Kristallnacht took place during the night of November 9, 1938. During that night, synagogues and Jewish businesses throughout Germany were looted and set on fire. The report that follows, written by Mayor Reckhard, a Nazi appointee, is completely disingenuous. He knew what was going to happen, even if he did not take part himself. Far from preventing further damage, the SS had organized the entire riot. Language, such as "protective custody" was designed to give a legal gloss to summary arrests.

The Mayor
in His Police Capacity
Sect. IVb.

Geseke, November 10, 1938

1) To the district office of the Geheime Staatspolizei, Dortmund.

With regard to the events reported by telephone through my subordinate this morning at about 6:00, I make the following report:

Last night at about 3:30 there was a tumult in front of the local Jew houses, in particular buildings owned by the Jews Artur Steinberg and Max Abel. The former owns a larger building out of which he once operated a hardware store. For some time, however, it has been rented to an Aryan national comrade. While the store is on the ground floor and inventory is stored in the attic, Jew Steinberg has his apartment in the 1st floor. All of the windows there were smashed in. The demonstrators demanded loudly that Jew Steinberg should come down. When this did not happen and the front door was not opened, they used a ladder to climb through the window and forced the Jew to go downstairs with them. Apparently damage was limited to the windows of the floor occupied by Steinberg, while the other parts of the building that are rented were untouched.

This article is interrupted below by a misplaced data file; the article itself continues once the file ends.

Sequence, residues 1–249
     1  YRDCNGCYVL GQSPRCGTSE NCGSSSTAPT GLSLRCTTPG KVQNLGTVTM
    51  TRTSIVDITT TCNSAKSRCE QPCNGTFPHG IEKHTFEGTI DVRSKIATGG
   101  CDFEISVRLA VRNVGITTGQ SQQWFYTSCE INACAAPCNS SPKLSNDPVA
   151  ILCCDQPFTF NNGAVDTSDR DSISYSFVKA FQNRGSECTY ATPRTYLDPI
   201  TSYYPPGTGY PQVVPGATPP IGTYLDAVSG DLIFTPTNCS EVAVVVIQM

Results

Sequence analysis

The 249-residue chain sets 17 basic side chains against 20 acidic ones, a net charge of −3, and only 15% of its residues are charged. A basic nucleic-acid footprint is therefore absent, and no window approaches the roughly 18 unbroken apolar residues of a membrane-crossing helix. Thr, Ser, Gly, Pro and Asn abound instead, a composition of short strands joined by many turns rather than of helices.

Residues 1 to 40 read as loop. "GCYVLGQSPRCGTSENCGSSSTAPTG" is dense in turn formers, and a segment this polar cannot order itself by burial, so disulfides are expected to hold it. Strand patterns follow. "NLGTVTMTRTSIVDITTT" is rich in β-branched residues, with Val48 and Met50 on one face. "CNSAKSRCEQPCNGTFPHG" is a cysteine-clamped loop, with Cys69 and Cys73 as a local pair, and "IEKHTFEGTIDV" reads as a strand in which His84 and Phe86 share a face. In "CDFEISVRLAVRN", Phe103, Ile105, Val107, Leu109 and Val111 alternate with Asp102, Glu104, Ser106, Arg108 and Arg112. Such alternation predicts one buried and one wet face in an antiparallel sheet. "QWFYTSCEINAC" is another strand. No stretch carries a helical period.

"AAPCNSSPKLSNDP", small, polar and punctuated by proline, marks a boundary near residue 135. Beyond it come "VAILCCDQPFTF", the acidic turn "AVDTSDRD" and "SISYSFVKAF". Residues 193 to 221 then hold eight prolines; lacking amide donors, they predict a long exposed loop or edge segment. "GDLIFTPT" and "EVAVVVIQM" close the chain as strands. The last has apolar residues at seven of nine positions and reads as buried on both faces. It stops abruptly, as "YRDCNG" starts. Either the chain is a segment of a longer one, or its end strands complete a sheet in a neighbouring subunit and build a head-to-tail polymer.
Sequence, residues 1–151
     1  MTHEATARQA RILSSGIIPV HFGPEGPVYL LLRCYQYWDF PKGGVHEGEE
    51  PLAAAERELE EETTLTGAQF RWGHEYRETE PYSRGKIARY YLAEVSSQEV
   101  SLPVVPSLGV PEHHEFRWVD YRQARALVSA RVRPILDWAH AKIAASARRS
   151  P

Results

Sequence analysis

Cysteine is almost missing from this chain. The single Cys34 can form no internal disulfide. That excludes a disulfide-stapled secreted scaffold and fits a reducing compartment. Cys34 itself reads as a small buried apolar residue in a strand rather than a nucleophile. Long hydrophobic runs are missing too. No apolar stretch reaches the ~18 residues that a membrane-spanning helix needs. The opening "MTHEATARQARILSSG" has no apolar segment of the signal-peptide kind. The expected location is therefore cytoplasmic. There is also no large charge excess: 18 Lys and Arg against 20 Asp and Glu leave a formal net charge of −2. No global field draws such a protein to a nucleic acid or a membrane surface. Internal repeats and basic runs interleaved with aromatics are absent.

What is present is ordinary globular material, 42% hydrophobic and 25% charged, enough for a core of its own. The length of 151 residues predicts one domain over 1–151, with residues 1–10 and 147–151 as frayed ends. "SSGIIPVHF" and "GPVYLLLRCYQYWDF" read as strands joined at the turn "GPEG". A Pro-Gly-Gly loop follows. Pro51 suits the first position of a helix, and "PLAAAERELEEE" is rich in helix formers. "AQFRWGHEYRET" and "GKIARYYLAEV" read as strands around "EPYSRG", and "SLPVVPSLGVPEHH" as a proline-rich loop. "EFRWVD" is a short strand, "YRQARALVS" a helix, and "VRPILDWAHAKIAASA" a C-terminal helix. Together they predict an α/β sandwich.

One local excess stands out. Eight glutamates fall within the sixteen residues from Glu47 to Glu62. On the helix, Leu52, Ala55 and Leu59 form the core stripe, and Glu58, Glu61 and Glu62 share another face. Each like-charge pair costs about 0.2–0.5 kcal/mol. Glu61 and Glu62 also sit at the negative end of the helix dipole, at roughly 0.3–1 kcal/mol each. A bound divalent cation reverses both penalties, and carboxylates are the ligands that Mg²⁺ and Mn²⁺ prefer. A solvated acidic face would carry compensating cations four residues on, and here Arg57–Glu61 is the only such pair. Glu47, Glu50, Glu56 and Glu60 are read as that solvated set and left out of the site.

In the meantime, several demonstrators moved on to the building owned by Jew Abel, the cattle dealer [lit. cattle-Jew Abel], who has rented to several Aryan national comrades, while he himself lives in the 1st floor. The people living downstairs opened the door for them, and they thus gained access to Abel's apartment. They demanded that Abel get up and come with them; they then smashed all the windows in his private apartment. In the meantime, the local SS commander, who had been informed of the events by someone per telephone, arrived on the scene with several SS men; in order to prevent further such actions, he placed the two Jews under his protection. The demonstrators then wanted to break into the Jewish synagogue, probably in order to continue destroying. For several weeks, unrestricted access to this synagogue has been granted to the local police and town administration by a written declaration signed by the local Jewish representatives of the synagogue. Because of this, the SS commander was able to prevent damage to the synagogue. He had both Jews brought into the synagogue and placed under SS guard there.